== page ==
The origin of uranium and other metal concentrations in the Helmsdale granite and the Devonian sediments of the north-east of Scotland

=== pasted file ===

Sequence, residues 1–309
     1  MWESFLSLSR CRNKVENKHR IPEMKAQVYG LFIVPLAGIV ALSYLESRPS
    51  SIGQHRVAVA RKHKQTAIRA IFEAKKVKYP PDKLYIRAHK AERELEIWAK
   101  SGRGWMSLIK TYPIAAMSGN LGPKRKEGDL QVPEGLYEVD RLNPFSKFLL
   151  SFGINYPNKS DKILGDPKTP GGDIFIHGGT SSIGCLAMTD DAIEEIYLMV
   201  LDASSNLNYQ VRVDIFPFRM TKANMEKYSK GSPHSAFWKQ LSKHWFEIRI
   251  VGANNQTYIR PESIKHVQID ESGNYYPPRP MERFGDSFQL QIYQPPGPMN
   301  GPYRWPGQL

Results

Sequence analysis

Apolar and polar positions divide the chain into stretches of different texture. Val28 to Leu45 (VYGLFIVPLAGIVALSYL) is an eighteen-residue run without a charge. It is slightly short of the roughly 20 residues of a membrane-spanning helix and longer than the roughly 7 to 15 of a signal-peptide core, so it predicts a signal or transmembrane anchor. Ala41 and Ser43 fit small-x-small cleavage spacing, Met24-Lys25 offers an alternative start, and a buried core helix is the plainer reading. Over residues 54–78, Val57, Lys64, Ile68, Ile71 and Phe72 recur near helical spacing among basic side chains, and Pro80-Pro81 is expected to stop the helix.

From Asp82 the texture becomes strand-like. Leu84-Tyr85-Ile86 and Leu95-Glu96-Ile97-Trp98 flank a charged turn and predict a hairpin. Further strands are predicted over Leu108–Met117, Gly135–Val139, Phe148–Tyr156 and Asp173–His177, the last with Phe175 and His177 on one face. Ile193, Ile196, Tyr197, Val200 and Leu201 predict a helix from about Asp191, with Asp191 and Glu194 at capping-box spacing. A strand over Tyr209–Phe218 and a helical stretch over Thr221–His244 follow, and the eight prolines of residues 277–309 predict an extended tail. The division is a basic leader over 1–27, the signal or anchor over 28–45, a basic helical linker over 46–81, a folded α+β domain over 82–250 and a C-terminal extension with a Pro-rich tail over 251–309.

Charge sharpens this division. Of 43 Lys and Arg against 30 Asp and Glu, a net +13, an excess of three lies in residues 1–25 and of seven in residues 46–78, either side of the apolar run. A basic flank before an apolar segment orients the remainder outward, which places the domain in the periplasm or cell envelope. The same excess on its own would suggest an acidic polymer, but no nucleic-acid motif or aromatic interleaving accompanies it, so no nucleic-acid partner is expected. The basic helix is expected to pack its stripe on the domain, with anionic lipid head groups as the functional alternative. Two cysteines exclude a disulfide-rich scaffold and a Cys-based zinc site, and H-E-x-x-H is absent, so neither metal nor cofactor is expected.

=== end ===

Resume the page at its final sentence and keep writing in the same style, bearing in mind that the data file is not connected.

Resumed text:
An examination of the radiometrically anomalous Caledonian Helitssdale granite and certain radiometric localities in the Devonian sediments of Caithness has been undertaken in order to discover the processes of U concentration in the different rock types. The study is based mainly on geochemical examination, with analyses for U, Th, Cu, Zn, Pb, Mo, Zr, Rb, Sr, Bi, Se, P205, and K20 being carried out. The granite was found to have a high mean U content (9ppm), approximately twice that expected from comparison with the world granite average (4ppm), whilst zones of intense alteration gave U enrichments of up to 71ppm. These latter have a mineralogy and geochemistry distinct from the normal granite. A limited Cu-Mo stockwork mineralisation was discovered almost coincident with a highly radioactive hydrocarbon vein. It is suggested that the alteration,and addition of U, in the granite'is due to a hydrothermal event that operated-shortly after the emplacement of the intrusion. Other U concentrations are shown to be due to the redistribution of the metal during weathering. The main U concentrations in the Caithness sediments occur in thin (1-2cm) phosphatic horizons. In these U ranges from 100 to 1000ppm and is paralleled by the phosphate in an approximately linear relationship of 100ppmU/1% P205. Individual horizons appear to have characteristic U/P205 ratios, in the range of 30 to 200, which can be used to correlate across-fault stratigraphy. Black shales contain low level (25-30ppm) U concentrations with anomalously high Zn and/or Mo. The U-phosphate horizons were probably formed in a shallow playa lake in which special pH conditions allowed the deposition of phosphate. Uranium (and other metals) was rapidly absorbedinto the phosphate structure. There is no evidence for any great mobilisation of U in diagenetic or later processes.